Acronyms, Slashes and More !
It's an obscure title - but it'll make sense as you read on.
One of the biggest issues in the eLearning voice over industry is scriptwriting. The script between the client, the developer and the talent is usually untouched for most of the way.
Which, by rights, should make it easier for the talent to just print it off (or read off an iPad, as we do - saves paper !), voice it and you're done.
There's a slight hitch - usually the initial script is written by a technical writer, who is making sure all of the salient points are covered for the topic at hand - and of course, being a voice talent, it's not our job to change it as we're not familiar with the subject matter.
The technical writer is writing for the end product (and often transcriptions/captions), but forgetting one simple thing - jargon.
By this, I mean that a script may read (it's all fictional !):
"The basic FRY concept is one that has been followed for decades within the company"
That's all well and fine, but is it F-R-Y or FRY (like the word) ? It might seem cut and dried, but there can be subtle differences along the way. For example - NAB Bank in Australia is often referred to as N-A-B, although it has been heard and seen as NAB in marketing materials.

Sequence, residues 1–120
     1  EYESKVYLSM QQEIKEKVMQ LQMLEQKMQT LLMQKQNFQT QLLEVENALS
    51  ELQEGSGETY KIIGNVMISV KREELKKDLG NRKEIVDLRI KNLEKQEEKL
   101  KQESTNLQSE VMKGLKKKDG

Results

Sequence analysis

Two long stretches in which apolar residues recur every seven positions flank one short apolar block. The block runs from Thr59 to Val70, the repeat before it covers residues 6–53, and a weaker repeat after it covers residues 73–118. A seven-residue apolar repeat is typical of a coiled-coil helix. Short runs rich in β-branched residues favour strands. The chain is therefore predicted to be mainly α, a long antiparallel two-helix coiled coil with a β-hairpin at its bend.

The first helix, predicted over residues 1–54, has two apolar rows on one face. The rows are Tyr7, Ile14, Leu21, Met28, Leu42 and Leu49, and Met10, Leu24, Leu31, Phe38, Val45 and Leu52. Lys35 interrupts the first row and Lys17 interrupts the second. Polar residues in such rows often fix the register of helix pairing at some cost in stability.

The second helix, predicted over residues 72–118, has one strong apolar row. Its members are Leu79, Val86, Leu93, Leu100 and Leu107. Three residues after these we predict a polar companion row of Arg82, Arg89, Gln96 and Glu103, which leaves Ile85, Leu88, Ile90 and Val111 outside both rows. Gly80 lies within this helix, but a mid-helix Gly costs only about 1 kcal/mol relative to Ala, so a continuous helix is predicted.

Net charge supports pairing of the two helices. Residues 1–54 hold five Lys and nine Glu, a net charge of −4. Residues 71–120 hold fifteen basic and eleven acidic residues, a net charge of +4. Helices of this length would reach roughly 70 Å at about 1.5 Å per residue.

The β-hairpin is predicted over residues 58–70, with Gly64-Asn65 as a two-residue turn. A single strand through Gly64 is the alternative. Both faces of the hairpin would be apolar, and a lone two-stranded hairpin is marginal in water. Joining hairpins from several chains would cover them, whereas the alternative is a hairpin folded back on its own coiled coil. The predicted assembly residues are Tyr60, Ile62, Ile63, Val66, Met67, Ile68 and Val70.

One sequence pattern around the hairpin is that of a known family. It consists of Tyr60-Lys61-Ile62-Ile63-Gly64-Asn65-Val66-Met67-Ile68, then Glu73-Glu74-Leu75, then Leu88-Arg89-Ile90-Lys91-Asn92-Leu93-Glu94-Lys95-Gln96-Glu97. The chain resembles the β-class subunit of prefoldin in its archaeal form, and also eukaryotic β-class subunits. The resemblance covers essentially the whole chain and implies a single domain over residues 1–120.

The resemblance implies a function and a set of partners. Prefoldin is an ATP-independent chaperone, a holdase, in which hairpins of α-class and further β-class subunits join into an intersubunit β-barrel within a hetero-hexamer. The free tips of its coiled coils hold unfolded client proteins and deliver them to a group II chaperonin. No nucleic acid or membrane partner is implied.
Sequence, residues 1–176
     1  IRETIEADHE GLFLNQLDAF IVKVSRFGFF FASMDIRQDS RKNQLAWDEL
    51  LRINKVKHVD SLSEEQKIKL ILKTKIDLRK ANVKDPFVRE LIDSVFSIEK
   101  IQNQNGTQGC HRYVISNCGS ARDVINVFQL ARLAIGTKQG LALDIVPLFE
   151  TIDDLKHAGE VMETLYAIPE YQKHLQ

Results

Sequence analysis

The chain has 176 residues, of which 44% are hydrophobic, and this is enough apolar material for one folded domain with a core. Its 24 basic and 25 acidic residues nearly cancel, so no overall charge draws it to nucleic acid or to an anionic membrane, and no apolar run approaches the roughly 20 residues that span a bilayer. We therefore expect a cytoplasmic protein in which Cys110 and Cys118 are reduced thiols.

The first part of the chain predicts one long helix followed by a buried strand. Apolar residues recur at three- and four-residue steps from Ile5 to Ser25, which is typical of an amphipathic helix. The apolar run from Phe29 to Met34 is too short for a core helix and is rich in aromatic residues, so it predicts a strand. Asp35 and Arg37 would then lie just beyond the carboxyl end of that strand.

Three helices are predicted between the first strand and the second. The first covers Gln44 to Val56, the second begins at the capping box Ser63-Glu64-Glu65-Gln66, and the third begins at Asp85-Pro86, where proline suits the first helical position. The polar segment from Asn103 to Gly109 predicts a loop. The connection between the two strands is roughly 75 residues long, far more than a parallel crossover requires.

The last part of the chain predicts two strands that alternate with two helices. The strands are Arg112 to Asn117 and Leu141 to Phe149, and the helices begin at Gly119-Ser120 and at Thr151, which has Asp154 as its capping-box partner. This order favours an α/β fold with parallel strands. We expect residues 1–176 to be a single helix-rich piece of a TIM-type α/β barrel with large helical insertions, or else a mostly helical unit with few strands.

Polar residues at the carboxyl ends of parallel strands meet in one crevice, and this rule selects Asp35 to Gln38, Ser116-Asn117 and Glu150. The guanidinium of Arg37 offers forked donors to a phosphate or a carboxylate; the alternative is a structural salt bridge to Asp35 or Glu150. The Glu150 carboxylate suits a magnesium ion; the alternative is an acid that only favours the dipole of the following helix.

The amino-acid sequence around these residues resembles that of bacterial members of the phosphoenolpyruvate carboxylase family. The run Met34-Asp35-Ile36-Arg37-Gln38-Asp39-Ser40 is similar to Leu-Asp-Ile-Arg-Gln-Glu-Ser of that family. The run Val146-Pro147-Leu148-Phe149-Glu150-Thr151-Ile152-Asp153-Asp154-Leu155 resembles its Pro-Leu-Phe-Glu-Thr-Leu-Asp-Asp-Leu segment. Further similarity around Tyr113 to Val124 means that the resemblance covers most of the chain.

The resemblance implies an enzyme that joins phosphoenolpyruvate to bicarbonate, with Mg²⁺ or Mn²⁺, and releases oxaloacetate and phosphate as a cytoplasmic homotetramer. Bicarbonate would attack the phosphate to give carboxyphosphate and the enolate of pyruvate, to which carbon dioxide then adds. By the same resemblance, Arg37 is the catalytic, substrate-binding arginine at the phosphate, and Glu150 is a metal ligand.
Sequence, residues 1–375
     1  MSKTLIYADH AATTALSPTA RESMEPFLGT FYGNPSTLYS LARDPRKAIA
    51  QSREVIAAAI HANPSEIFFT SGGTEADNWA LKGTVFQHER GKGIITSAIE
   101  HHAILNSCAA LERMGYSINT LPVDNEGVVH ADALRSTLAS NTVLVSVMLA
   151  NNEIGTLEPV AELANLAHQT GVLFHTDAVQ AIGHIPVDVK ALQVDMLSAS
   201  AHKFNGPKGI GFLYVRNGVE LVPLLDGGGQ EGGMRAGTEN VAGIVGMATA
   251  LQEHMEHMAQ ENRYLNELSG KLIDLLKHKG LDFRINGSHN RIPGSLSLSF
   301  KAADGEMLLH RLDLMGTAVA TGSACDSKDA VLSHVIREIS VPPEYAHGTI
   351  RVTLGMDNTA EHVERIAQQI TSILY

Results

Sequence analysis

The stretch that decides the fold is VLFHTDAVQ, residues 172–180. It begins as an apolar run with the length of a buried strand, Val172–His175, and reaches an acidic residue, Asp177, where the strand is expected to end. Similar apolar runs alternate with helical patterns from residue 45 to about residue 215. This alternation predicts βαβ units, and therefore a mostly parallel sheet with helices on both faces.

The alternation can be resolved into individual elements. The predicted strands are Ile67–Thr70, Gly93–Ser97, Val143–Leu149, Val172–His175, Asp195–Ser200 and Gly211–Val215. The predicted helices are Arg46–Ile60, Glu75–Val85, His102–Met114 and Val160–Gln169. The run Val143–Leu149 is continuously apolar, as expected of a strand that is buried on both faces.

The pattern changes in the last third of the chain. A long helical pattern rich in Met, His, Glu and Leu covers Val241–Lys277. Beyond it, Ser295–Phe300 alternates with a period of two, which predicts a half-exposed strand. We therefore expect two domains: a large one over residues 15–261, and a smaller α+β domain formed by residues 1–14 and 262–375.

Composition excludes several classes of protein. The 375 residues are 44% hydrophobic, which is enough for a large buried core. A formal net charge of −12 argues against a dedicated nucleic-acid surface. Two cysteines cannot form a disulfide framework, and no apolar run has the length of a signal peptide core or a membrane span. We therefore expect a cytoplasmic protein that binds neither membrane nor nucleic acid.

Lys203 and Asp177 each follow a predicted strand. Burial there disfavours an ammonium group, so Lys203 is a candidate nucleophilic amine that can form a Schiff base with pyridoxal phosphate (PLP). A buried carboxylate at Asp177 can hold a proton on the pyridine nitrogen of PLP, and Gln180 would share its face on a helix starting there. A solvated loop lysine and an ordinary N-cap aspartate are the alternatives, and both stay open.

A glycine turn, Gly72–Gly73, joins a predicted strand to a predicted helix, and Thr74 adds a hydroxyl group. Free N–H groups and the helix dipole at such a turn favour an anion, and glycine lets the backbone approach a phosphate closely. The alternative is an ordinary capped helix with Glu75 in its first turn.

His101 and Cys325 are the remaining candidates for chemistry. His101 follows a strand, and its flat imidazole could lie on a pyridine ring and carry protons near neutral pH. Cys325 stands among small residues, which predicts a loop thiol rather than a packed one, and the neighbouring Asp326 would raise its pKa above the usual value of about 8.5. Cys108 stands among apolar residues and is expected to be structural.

Also, unusual surnames can be a tricky one for a voice artist - without a pronunciation guide, they are often second-guessing what it might be, and having to return to check can sometimes slow the process down of delivering voice over in a timely manner.
The other unusual one that crops up is the "/" (slash) symbol. Often you see it as:
"You can refer to the Parent / Teacher handbook for more info"
It can often be referred to as "Parent (pause) Teacher", but it can also be referred to as "Parent or Teacher".
So, as you can see - it takes some adjustment from the scriptwriting side to have clarity for the voice artist, and help make the process more streamlined !